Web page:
The Dark Pond

The Dark Pond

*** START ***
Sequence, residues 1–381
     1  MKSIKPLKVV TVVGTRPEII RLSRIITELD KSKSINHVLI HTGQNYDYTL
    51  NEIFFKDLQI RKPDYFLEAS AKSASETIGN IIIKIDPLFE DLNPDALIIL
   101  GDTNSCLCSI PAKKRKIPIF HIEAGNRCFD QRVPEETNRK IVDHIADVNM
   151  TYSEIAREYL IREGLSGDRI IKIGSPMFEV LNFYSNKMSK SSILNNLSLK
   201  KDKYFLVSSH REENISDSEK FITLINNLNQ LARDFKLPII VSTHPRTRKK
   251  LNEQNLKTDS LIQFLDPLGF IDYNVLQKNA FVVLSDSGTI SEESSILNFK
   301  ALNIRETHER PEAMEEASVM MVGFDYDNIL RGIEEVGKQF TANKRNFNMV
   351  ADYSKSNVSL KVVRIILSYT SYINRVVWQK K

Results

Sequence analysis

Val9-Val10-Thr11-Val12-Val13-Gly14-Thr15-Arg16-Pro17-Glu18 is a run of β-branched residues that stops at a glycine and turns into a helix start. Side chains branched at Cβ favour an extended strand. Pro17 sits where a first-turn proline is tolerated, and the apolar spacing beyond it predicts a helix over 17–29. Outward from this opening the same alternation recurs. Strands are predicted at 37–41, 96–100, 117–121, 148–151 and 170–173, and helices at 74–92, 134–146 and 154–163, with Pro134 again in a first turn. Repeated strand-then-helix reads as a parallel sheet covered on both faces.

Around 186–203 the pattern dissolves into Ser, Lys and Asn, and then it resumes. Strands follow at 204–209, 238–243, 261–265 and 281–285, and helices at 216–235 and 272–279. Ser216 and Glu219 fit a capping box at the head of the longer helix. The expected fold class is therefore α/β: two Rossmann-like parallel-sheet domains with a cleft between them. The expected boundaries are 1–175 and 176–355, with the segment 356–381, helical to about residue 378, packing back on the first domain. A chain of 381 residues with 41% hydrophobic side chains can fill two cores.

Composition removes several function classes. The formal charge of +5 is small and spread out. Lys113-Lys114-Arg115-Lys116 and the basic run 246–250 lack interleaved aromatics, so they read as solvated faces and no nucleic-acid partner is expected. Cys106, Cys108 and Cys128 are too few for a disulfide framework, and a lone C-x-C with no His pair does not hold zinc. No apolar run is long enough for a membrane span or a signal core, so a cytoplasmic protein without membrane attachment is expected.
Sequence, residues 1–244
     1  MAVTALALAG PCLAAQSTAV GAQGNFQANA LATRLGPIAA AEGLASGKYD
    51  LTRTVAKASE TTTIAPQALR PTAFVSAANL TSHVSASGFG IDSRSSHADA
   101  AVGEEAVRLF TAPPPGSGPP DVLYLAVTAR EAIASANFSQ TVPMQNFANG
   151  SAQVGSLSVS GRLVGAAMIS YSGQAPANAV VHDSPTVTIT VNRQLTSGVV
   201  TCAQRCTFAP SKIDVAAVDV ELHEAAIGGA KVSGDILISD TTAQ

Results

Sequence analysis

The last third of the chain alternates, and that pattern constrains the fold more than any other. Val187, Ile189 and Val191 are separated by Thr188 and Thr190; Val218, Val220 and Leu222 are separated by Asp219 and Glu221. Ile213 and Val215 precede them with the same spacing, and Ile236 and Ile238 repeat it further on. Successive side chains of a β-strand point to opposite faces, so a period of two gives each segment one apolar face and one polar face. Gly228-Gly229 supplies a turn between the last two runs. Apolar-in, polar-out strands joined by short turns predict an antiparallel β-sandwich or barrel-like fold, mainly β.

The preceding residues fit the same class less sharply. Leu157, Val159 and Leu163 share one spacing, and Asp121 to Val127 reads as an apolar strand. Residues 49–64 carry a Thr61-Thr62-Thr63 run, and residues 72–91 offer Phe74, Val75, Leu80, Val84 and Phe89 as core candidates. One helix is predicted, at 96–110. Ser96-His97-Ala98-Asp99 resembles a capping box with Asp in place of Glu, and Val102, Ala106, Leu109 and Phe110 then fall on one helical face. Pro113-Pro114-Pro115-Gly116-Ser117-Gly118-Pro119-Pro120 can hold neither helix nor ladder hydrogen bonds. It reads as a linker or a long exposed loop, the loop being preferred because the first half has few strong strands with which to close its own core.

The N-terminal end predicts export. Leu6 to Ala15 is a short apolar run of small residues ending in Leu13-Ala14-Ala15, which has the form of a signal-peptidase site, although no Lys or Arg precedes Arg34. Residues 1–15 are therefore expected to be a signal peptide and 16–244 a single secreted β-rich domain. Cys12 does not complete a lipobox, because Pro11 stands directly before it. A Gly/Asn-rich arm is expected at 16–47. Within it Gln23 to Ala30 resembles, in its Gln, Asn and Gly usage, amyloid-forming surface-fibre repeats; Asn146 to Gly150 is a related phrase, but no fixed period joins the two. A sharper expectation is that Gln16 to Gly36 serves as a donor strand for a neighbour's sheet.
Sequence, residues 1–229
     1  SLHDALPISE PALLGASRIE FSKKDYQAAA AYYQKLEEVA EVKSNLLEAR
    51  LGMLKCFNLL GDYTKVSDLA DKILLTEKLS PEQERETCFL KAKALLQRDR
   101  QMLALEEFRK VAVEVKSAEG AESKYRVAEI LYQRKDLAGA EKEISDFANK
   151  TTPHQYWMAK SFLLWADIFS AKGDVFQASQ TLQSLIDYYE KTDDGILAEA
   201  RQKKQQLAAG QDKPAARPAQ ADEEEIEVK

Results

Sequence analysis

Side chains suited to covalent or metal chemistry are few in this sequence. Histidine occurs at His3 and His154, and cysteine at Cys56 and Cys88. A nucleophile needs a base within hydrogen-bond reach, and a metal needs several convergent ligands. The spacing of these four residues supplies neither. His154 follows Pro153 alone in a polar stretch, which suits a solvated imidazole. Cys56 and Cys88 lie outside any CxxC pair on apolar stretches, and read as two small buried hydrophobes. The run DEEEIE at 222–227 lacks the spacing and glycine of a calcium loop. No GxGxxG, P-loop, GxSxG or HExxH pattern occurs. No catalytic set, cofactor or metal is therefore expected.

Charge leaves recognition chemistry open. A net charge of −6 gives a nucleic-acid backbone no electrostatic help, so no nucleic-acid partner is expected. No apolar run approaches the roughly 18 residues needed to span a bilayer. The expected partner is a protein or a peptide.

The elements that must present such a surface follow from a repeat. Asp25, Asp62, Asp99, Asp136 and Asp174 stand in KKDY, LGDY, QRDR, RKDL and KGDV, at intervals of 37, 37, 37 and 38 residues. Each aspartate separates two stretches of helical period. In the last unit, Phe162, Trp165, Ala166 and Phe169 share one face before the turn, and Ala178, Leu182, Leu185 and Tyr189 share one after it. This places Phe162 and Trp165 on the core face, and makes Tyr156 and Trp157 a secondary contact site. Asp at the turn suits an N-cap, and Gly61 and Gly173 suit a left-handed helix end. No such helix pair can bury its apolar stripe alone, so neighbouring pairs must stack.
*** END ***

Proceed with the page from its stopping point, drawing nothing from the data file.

"Feeling things. That's one of the gifts I got from my mother, being able to feel things that other people don't. Spooky, isn't it? That's how most other kids see it. And me. Spooky Armie. Ever since I was really little...I've been teased because I was weird. It wasn't just because I looked different, with my thick black hair and my brown skin. It was also because I said things that other kids thought was strange." It is this "gift" that gives Armie, half Armenian and half Shawnee, the knowledge that something sinister lies in wait in the pond beyond his mountain boarding school. But even though the teen is drawn to the pond ("It was drawing me in, you see. It was calling me. It knew I was there. It was waiting under the ice.") and is prevented from foolishly walking onto its thin ice surface by a fox, there is more that occupies his mind. One is the first real friendship Armie has ever known, with a boy whose appearance is the opposite of his own large, hulking self: a tall, thin redhead who calls himself Devo. Then there is the task of fitting in at this boarding school, a job made easier by the surrounding wilderness, a likable counselor, the library where Armie can secret himself for hours and find the answers he is looking for, and Mitch Sabattis, an Abenaki member of the school's grounds crew who recognizes his gift at their first meeting. It is Mitch, working on a doctorate in zoology, who Armie finds himself involved with in solving the mystery of the monster in the pond--and who is intent on using his knowledge of anatomy to destroy it. Joseph Bruchac has written a literary gem in this suspenseful tale. He spices the story with delightful tidbits: "I puzzled over the mystery meat that was making a halfhearted last stand between two halves of a baked potato old enough to vote." "Librarians are second only to eagles as far as observing anything entering their domain." "The scream split through the silence like a rocket shell bursting against the black fabric of the receding darkness." Armie is a likable teen (which comes as a bit of a surprise to him) with whom readers will identify. Sally Wern Comport's black-and-white illustrations add to the atmosphere of suspense. Kids who enjoy spooky stories with a touch of humor and a feel-good ending will love this one. Ages 10-14 Recommended by Barbara Karp, Librarian, New York USA

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